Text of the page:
The value of PC moved to Reg is the address after the JSR instruction.

15 3 2 0
Opcode Reg
Opcode Mnemonic Operation
00020 RTS Return from subroutine: PC ← Reg; Reg ← (SP)+
15 6 5 0
Opcode nn
Opcode Mnemonic Operation
0064 MARK Return from subroutine, discard stack entries: SP ← PC + 2 x nn, PC ← R5, R5 ← (SP)+

Trap instructions

15 9 8 7 0
Opcode S Operation Code
Opcode S Mnemonic Operation
104 0 EMT Emulator trap: -(SP) ← PS; -(SP) ← PC; PC ← (30); PS ← (32)
104 1 TRAP General trap: -(SP) ← PS; -(SP) ← PC; PC ← (34); PS ← (36)
15 0
Opcode Mnemonic Operation
000002 RTI Return from interrupt: PC ← (SP)+; PS ← (SP)+
000003 BPT Breakpoint trap: -(SP) ← PS; -(SP) ← PC; PC ← (14); PS ← (16)
000004 IOT I/O trap: -(SP) ← PS; -(SP) ← PC; PC ← (20); PS ← (22)
000006 RTT Return from trap: PC ← (SP)+; PS ← (SP)+

Trap and Exception Vector Address Assignments

Vector Condition
000000 (Reserved)
000004 Illegal instruction, bus error, stack limit
000010 Reserved instruction
000014 BPT instruction, trace trap
000020 IOT instruction
000024 Power fail
000030 EMT instruction
000034 TRAP instruction
000114 Parity error
000244 Floating point exception
000250 Memory management fault

Miscellaneous instructions

15 0
Opcode Mnemonic Operation
000000 HALT Halt processor: Halt execution before next instruction
000001 WAIT Wait for interrupt: Halt execution before next instruction; Resume execution at next interrupt handler
000005 RESET Reset UNIBUS: Assert INIT on UNIBUS for 10 ms; All other devices reset to power up state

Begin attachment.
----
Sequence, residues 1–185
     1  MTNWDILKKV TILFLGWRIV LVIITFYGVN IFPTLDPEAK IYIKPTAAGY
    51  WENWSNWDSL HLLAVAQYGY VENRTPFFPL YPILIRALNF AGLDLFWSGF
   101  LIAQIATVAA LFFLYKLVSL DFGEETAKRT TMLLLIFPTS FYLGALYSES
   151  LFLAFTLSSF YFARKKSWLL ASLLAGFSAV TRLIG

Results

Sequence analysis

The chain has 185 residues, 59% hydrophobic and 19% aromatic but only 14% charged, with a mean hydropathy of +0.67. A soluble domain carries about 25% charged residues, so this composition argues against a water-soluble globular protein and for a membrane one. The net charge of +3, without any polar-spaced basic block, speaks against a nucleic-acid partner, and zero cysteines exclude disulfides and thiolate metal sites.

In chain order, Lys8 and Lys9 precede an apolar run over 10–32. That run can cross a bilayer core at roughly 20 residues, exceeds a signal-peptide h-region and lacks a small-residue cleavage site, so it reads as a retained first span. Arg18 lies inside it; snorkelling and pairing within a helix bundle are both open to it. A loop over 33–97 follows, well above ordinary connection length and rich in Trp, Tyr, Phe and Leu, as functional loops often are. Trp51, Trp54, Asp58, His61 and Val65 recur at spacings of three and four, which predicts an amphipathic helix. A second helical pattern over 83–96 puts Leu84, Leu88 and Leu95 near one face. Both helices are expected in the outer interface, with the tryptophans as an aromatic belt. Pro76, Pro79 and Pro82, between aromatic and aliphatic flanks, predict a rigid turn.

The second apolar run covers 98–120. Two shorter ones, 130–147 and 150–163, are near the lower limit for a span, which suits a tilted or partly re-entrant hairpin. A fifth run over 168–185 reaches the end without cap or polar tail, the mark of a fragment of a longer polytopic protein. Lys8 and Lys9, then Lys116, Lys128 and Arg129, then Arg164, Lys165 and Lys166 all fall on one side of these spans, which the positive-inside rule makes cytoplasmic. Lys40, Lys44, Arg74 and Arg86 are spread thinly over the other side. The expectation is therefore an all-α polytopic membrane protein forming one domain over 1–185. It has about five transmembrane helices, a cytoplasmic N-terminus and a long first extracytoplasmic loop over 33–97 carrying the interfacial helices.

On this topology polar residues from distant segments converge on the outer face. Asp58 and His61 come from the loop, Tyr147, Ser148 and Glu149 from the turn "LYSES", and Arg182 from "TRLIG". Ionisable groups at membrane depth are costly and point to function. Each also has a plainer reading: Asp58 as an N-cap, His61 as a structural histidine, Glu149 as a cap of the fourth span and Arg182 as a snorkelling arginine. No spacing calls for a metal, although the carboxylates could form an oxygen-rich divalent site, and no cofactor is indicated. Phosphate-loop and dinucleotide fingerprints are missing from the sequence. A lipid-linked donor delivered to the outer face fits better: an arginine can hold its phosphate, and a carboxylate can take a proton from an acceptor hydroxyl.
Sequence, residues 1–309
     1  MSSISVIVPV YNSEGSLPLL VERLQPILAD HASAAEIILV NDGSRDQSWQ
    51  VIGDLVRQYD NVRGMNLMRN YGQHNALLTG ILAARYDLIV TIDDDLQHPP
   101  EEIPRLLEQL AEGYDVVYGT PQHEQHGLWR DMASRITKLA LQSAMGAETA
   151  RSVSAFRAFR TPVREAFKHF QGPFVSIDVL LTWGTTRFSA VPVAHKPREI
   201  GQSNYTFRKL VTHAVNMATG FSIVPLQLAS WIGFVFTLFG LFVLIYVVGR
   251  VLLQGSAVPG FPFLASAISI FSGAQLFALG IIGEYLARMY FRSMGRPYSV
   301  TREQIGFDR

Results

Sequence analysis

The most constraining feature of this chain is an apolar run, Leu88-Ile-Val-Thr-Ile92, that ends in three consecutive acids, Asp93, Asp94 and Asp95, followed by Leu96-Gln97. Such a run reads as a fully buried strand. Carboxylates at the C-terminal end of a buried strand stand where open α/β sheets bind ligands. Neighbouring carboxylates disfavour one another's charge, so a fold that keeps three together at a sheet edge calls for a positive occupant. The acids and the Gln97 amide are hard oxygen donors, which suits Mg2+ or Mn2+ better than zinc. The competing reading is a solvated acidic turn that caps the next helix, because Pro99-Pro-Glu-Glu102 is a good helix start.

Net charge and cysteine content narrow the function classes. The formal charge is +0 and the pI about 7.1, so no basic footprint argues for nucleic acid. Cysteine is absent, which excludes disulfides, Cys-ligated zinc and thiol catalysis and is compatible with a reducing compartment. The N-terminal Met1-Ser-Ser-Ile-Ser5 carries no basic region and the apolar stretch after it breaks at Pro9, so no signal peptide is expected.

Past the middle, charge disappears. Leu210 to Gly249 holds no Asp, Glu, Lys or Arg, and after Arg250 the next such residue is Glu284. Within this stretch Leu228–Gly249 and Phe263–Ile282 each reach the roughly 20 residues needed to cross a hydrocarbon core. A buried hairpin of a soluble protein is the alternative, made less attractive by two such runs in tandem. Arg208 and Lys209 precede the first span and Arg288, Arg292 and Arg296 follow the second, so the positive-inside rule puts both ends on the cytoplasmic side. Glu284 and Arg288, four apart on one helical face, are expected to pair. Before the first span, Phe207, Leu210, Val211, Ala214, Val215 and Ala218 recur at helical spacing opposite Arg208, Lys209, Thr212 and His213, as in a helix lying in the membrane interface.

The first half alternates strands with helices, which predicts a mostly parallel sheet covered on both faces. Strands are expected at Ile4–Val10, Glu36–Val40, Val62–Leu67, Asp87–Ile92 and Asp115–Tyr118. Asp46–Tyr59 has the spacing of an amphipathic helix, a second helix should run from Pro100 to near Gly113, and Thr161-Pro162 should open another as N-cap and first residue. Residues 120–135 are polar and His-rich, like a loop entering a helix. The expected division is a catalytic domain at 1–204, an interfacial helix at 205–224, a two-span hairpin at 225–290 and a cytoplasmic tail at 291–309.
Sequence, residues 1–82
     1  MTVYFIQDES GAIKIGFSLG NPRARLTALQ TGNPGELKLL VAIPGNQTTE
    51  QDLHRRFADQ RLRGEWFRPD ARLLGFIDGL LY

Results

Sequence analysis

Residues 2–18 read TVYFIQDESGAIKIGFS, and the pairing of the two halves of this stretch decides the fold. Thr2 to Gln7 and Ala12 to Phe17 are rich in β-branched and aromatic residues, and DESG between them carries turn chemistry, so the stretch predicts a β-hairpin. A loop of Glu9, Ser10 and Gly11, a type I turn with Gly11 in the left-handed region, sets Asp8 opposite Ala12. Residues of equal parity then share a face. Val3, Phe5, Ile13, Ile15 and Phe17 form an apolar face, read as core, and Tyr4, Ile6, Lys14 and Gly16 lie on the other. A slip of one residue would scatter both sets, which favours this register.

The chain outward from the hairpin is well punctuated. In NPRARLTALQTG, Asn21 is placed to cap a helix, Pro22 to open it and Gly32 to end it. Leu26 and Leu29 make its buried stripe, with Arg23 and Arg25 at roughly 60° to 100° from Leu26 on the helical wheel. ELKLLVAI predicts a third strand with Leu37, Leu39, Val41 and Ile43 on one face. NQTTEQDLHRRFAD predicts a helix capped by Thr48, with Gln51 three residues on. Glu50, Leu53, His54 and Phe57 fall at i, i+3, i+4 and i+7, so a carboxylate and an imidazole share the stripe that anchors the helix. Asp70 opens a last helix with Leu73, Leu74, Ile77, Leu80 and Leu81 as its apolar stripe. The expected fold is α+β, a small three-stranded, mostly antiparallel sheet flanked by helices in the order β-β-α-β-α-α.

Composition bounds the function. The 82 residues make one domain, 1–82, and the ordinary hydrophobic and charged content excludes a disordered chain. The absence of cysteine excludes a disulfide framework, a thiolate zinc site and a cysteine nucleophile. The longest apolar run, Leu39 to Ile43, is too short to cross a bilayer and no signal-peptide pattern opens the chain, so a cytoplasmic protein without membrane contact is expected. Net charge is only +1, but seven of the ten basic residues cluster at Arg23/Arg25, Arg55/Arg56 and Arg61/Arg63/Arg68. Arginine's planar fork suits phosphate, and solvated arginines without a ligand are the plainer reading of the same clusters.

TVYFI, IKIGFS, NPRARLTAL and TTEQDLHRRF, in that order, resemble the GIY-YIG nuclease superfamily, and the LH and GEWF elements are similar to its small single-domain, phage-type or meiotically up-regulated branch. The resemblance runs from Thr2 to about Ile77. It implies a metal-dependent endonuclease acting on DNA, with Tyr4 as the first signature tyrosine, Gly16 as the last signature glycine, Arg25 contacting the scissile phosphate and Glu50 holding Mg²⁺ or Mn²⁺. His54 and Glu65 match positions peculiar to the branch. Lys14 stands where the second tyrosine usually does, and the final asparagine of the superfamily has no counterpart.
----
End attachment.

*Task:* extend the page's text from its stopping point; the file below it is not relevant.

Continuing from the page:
Condition-code operations

15 6 5 4 3 2 1 0
Opcode 1 S N Z V C
Opcode S Mnemonic Operation
0002 0 Ccc Clear condition codes: Clear codes according to N, Z, V, C bits
0002 1 Scc Set condition codes: Set codes according to N, Z, V, C bits

The four condition codes in the processor status word (PSW) are

Instructions in this group were what Digital called "micro-programmed": A single bit in the instruction word referenced a single condition code. The assembler did not define syntax to specify every combination, but the symbols SCC and CCC assembled an instruction that set or cleared, respectively, all four condition codes.

Clearing or setting none of the condition codes (opcodes 000240 and 000260, respectively) could effectively be considered as no-operation instructions. In fact, the NOP mnemonic assembled into 000240.

Inconsistent instructions

Over the life of the PDP-11, subtle differences arose in the implementation of instructions and combinations of addressing modes, though no implementation was regarded as correct. The inconsistencies did not affect ordinary use of the PDP-11.

Optional instruction sets

Extended Instruction Set (EIS)

The EIS is an option for the 11/35/40 and 11/03, and was supplied as standard on newer processors.

Floating Instruction Set (FIS)

FIS is an option for the PDP-11/35/40 and 11/03. Single-precision floats are operated on a stack addressed by a register operand. The high-order 13 bits specify the operation to be performed. A three bit field specifies which register is used as the floating point operand stack pointer. Each float is two words and each floating point instruction operates on two floats, returning one float as a result. The selected stack pointer is incremented by a stride of 4 after each operation.

15 3 2 0
Opcode Reg
Opcode Mnemonic Operation
07500 FADD Floating add: 4(Rn) ← 4(Rn) + (Rn), Rn ← Rn + 4
07501 FSUB Floating subtract: 4(Rn) ← 4(Rn) - (Rn), Rn ← Rn + 4
07502 FMUL Floating Multiply: 4(Rn) ← 4(Rn) × (Rn), Rn ← Rn + 4
07503 FDIV Floating Divide: 4(Rn) ← 4(Rn) ÷ (Rn), Rn ← Rn + 4

Floating Point Processor (FPP)

This was the optional floating point processor option for 11/45 and most subsequent models.

Commercial Instruction Set (CIS)

The Commercial Instruction Set, known as CIS or CIS11, adds string and binary coded decimal (BCD) instructions used by COBOL and DIBOL. It was implemented by optional microcode in the 11/23/24, and by an add-in module in the 11/44 and one version of the 11/74.[5]